As the electrons in the jet fly away from the black hole at close to the speed of light, they move through and collide with photons making up the CMB radiation, boosting the energy of the photons up into the X-ray range to be detected by Chandra. In this scenario, the X-rays are significantly boosted in brightness compared to radio waves. This agrees with the observation that the large X-ray jet feature has no associated radio emission.

“Our result shows that X-ray observations can be one of the best ways to study quasars with jets in the early Universe,” said co-author Daniel Stern, also of JPL. “Or to put it another way, X-ray observations in the future may be the key to unlocking the secrets of our cosmic past.”

For more on this research, read Massive X-ray Jet – Extending for 160,000 Light-Years – Spied From Supermassive Black Hole in Early Universe.

Reference: “Enhanced X-ray Emission from the Most Radio-Powerful Quasar in the Universe’s First Billion Years” by Thomas Connor, Eduardo Bañados, Daniel Stern, Chris Carilli, Andrew Fabian, Emmanuel Momjian, Sofía Rojas-Ruiz, Roberto Decarli, Emanuele Paolo Farina, Chiara Mazzucchelli and Hannah P. Earnshaw, 23 April 2021, The Astrophysical Journal.
DOI: 10.3847/1538-4357/abe710
arXiv: 2103.03879

A paper describing these results has been accepted for publication in The Astrophysical Journal. The other co-authors of the paper are Chris Carilli (NRAO, Socorro, New Mexico); Andrew Fabian (University of Cambridge, UK); Emmanuel Momjian (NRAO); Sofía Rojas-Ruiz (MPIA); Roberto Decarli (INAF, Bologna, Italy); Emanuele Paolo Farina (Max Planck Institute for Astrophysics, Garching, Germany); Chiara Mazzucchelli (ESO, Chile); Hannah P. Earnshaw (Caltech, Pasadena, California).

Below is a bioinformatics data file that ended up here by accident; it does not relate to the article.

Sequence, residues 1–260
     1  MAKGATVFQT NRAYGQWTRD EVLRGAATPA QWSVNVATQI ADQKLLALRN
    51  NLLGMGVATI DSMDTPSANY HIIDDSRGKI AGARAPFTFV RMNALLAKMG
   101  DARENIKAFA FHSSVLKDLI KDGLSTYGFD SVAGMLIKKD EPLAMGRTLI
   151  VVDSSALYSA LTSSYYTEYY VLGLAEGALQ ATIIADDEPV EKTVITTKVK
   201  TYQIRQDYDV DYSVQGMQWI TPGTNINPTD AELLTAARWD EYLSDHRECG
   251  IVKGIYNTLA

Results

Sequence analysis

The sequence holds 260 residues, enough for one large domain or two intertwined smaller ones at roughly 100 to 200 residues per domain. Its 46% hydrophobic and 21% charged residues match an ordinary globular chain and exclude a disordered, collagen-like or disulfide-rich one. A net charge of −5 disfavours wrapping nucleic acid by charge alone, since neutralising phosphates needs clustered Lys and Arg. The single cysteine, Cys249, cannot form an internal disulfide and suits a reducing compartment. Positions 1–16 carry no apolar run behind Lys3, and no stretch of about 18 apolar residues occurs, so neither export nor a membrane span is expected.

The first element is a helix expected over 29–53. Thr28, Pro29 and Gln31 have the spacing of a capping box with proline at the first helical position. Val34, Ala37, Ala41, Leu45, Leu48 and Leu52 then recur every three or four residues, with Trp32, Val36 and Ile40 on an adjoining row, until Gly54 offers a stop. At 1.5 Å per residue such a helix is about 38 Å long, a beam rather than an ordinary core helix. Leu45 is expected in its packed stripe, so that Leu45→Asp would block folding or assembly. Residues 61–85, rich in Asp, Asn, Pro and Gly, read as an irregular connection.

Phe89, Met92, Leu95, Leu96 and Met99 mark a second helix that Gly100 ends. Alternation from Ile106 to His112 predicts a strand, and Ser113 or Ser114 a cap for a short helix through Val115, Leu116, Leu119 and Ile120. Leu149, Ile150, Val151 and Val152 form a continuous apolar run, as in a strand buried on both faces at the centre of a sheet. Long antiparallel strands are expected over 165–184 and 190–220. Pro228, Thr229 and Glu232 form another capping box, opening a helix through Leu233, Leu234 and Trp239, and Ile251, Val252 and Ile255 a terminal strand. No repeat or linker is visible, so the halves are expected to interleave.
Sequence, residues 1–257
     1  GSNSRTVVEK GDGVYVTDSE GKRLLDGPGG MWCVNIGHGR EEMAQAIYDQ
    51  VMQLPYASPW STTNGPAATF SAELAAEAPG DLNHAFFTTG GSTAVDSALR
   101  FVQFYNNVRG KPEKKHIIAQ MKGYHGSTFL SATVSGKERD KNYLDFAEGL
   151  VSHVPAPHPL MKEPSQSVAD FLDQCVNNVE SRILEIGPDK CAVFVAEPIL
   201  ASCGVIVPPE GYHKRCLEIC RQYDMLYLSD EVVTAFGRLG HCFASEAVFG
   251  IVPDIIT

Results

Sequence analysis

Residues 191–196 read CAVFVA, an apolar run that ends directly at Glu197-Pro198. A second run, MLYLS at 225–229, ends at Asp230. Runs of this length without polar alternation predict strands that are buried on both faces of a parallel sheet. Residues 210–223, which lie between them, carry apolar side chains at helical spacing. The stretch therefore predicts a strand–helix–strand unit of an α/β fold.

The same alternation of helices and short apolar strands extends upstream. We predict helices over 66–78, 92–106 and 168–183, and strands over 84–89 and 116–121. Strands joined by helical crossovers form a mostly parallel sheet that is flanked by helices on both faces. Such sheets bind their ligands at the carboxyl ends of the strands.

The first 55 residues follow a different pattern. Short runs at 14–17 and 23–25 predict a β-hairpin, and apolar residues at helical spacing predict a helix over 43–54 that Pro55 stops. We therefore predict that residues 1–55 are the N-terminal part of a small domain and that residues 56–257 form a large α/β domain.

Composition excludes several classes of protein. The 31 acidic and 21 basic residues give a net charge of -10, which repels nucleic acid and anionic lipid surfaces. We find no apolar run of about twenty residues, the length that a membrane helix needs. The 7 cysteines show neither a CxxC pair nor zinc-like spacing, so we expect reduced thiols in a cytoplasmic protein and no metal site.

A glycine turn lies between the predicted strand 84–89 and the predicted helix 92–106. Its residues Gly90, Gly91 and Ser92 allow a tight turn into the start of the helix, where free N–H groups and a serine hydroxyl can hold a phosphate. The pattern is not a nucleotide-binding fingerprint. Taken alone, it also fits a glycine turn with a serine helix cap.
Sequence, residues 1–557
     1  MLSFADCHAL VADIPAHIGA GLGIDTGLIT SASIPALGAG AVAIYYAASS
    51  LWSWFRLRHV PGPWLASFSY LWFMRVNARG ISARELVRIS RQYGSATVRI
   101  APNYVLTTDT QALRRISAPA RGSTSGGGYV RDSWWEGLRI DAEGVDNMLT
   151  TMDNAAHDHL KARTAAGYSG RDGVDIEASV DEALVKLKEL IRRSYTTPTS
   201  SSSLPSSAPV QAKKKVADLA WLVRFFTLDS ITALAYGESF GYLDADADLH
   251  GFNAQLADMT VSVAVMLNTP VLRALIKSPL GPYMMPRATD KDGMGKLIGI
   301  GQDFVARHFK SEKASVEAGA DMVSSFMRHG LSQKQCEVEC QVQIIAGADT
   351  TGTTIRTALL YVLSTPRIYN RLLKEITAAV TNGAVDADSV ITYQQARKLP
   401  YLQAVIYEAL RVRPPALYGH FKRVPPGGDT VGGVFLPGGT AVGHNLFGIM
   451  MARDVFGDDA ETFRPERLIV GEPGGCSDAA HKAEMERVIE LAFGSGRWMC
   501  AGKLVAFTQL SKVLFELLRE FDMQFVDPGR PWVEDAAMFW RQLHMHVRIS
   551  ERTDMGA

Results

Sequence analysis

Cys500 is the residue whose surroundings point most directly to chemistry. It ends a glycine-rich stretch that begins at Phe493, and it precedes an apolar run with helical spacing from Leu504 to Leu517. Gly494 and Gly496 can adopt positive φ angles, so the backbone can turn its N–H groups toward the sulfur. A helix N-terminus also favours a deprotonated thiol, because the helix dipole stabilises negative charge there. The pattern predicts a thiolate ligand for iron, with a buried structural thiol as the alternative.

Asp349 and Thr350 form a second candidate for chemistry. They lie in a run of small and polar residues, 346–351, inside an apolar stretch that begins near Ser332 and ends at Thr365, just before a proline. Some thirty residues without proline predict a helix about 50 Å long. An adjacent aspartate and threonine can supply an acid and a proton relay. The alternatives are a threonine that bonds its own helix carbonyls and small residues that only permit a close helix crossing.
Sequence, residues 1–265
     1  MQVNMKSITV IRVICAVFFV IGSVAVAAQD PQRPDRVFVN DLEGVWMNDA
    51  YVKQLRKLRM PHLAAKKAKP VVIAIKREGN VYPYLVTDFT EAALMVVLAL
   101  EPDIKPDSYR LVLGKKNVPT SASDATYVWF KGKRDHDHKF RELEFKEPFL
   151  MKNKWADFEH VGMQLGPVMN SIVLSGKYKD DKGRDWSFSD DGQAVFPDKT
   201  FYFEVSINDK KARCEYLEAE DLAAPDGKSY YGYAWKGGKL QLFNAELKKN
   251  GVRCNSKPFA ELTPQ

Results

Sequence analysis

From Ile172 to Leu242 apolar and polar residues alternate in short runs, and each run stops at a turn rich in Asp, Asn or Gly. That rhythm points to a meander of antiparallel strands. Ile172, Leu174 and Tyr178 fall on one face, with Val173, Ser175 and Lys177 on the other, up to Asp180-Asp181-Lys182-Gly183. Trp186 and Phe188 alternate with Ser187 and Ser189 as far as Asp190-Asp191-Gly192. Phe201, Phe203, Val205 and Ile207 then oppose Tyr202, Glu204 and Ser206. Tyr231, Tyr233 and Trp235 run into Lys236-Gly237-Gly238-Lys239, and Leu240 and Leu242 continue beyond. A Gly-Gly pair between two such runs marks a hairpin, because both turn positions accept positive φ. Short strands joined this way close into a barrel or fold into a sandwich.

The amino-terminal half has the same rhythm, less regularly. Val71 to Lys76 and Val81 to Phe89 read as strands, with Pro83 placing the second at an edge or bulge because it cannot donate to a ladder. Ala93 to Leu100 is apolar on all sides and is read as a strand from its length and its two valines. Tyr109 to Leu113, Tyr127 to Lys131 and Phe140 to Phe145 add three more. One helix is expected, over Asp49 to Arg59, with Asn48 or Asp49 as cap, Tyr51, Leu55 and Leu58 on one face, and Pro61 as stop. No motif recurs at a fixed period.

NASA’s Marshall Space Flight Center manages the Chandra program. The Smithsonian Astrophysical Observatory’s Chandra X-ray Center controls science from Cambridge Massachusetts and flight operations from Burlington, Massachusetts.

7 Comments on "Record-Breaking Jet of Particles Spied From a Supermassive Black Hole in the Early Universe"

  1. Quasars are the aurora borealis of black holes. They arise due to ionization by rays from the Center of Our Universe. One can only imagine the strong magnetic field of a black hole if the jets go almost vertically.

    • Torbjörn Larsson | March 26, 2021 at 3:43 pm | Reply

      The magnetic field is not generated by the black hole – as most astronomical objects they neutralize fairly quickly unless a mechanism support charge imbalance – but the magnetic field looks poloidal in fresh results of the Event Horizon Telescope: , last figure.

    • Torbjörn Larsson | March 26, 2021 at 3:49 pm | Reply

      The universe has – famously – no center, obviously, since it expands everywhere. Nor do you define “rays”. That part of your comment is all pseudoscience.

      The link takes you to the paper references, where they do prefer a specific, often mentioned mechanism. Here is the pity Wikipedia description:

      “As the ergosphere causes the magnetosphere inside it to rotate, the outgoing flux of angular momentum results in extraction of energy from the black hole.”

      [ ]

      • Aleksandr7364 | March 27, 2021 at 1:23 am | Reply

        These are all erroneous theories. And the most important mistake is that a black hole absorbs and does not emit light. The visible spectrum is 10 ^ 14 – 10 ^ 15 Hz. and a black hole at a frequency of 10 ^ 20 Hz holds stars in its orbits, and at a frequency of 10 ^ 32 Hz it itself keeps in orbit around the Center of Our Universe.
        Previously, people also thought that we see lightning before we hear thunder because the eyes are closer than the ears)))

  2. kamir bouchareb st | March 25, 2021 at 2:11 am | Reply

    very good

  3. KAMIR BOUCHAREB ST | March 25, 2021 at 4:53 am | Reply


  4. I knew it was life out there one night I was looking up at the sky at night trying to figure was it a planet or a satellites dish cause the star twinkling so bright than all as once I say a ball of fire traveling from one to next planet warp speed. Scared me cause I thought the planet was going blow up.